If you owe income taxes for 2013, filing a Chapter 13 “adjustment of debts” would enable you to pay that tax under very favorable terms.
Paying Taxes Under Chapter 13
Chapter 13 is a very good tool for dealing with debts, particularly unusual debts, the kind that can’t be simply discharged (legally written off) under Chapter 7 “straight bankruptcy.” It is a particularly handy tool for attacking income tax debts, particularly if you owe for more than one tax year or owe a substantial amount.
Discharging Income Taxes Under Chapter 7
If the only taxes you owe are older ones, you may be able to simply discharge those tax debts with a Chapter 7 case. To do so they have to meet a number of conditions, but in most situations just these two:
1) the tax return for the pertinent income tax was due more than 3 years before the Chapter 7 case is filed, plus any extensions;
2) the tax return was actually delivered to the IRS or Department of Revenue more than 2 years before the Chapter 7 case is filed.
Paying Taxes Under Chapter 13
If any of the income taxes you owe do NOT meet these conditions, then the choice is usually between making payment arrangements directly with the tax authorities, or paying the debt under the following advantages provided by Chapter 13:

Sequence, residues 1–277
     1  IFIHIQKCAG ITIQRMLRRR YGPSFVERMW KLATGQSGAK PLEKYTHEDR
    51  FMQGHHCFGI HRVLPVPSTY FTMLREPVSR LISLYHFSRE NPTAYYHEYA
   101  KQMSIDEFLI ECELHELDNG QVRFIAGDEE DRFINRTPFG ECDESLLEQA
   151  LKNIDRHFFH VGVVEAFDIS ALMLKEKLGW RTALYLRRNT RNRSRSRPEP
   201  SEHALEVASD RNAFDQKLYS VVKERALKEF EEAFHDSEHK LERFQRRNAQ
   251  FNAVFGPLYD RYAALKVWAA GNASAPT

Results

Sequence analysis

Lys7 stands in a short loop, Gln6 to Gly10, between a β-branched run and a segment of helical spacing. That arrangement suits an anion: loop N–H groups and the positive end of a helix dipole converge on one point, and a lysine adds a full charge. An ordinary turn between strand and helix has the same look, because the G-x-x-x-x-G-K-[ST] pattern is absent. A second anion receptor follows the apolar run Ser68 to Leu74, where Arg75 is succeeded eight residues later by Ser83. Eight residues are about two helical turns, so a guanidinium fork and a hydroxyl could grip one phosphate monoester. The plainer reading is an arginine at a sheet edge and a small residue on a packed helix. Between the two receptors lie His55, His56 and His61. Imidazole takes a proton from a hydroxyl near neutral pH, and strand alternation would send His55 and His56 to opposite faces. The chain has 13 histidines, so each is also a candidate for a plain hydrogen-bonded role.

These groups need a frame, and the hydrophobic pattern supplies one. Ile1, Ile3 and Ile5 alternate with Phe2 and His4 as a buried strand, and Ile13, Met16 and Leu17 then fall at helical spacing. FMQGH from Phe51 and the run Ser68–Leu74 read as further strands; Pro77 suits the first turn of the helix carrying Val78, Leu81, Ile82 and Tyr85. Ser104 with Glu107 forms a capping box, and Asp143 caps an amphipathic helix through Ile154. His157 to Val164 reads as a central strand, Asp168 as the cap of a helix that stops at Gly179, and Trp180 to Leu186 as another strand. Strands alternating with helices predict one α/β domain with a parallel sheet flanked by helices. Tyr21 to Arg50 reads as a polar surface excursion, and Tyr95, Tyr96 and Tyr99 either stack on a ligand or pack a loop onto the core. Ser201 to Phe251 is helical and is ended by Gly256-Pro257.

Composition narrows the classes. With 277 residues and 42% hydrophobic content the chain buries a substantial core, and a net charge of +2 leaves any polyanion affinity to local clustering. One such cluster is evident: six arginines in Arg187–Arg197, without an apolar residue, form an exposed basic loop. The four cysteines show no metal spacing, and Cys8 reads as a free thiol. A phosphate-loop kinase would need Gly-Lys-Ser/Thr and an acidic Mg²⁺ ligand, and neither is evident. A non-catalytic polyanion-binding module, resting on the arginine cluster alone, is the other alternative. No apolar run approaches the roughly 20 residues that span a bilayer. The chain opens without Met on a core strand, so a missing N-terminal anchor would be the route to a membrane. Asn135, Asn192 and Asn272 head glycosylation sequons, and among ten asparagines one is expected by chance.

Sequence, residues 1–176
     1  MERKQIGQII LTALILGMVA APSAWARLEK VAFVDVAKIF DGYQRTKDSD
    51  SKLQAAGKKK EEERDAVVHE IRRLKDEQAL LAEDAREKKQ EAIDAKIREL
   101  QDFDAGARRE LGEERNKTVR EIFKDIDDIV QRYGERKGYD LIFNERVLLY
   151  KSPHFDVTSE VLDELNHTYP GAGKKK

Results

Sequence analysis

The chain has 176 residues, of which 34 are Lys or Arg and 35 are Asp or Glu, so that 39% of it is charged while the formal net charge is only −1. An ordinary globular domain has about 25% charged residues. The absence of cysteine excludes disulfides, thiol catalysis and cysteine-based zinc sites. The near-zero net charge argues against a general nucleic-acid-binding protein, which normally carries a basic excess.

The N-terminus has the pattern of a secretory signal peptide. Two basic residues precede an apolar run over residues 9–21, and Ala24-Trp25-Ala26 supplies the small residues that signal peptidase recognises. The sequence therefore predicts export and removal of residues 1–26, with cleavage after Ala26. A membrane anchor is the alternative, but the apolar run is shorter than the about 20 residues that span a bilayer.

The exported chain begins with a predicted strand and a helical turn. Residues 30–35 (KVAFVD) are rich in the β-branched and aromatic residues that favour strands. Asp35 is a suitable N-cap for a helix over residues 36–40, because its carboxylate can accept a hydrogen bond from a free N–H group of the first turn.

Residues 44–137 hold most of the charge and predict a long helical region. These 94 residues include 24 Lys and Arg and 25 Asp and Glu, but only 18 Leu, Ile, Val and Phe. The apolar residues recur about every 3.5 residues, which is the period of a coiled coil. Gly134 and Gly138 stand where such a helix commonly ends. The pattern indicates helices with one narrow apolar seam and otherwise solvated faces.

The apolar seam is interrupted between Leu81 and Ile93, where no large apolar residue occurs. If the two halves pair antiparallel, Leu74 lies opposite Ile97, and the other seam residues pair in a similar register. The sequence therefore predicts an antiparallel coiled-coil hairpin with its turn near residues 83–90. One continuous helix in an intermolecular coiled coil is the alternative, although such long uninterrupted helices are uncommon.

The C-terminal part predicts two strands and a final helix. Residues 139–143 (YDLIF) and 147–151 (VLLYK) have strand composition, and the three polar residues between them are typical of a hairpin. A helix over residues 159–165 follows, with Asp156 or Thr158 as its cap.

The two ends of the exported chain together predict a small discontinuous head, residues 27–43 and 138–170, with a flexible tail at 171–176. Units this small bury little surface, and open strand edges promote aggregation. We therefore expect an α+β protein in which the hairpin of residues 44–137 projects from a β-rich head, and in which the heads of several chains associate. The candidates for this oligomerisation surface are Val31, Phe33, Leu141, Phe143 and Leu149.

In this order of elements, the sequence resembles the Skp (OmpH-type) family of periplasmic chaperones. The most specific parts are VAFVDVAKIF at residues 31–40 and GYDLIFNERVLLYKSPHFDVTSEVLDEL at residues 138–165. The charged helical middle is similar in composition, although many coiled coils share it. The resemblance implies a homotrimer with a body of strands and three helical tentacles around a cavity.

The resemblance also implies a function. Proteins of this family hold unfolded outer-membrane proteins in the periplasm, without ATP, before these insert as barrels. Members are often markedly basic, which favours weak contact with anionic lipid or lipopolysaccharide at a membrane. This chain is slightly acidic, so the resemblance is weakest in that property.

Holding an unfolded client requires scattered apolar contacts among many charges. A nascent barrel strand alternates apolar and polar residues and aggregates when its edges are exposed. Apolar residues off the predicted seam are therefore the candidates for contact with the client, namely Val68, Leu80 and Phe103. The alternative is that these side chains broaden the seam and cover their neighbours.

- Usually no further interest or penalties are added to the tax from the time the Chapter 13 is filed, reducing the total amount to be paid.
- Penalties accrued before the Chapter 13 filing often do not need to be paid, or usually for only pennies on the dollar.
- The timing and amount of the payments on the taxes that must be paid are based not on what the IRS and/or state tax authority would demand but rather on how much you can afford to pay.
- Other even more important debts—child support arrearage, a vehicle loan, for example—can often be paid ahead of the taxes.
- Tax liens can often be handled much better than under Chapter 7, by fixing the extent to which the lien attaches to your assets, preventing the tax authorities from using the lien as leverage to make you pay after the bankruptcy is finished.
- The tax authorities can’t take any collection action against you while you are in the Chapter 13 case–can’t contact you (except for sending you very specific notices), can’t garnish wages and bank accounts, can’t levy on anything you own, and can’t record a tax lien on your home, car, or other possessions.
- Tax debts that meet the conditions for discharge are treated like “general unsecured” debts, generally paid only to the extent there is money in the budget to do so within the required length of the plan, often not increasing at all the total amount you need to pay.
Income Taxes Due for the 2013 Tax Year
Because of these advantages, if you expect to owe taxes for the current tax year it may make sense to wait to file your Chapter 13 case until immediately after the year is over. So if your tax year is the same as the calendar year—as it is for most consumers and small business owners—and you expect to owe income taxes for 2013, early 2014 may well be a good time to file a Chapter 13 case.
Here’s an example of how this would work.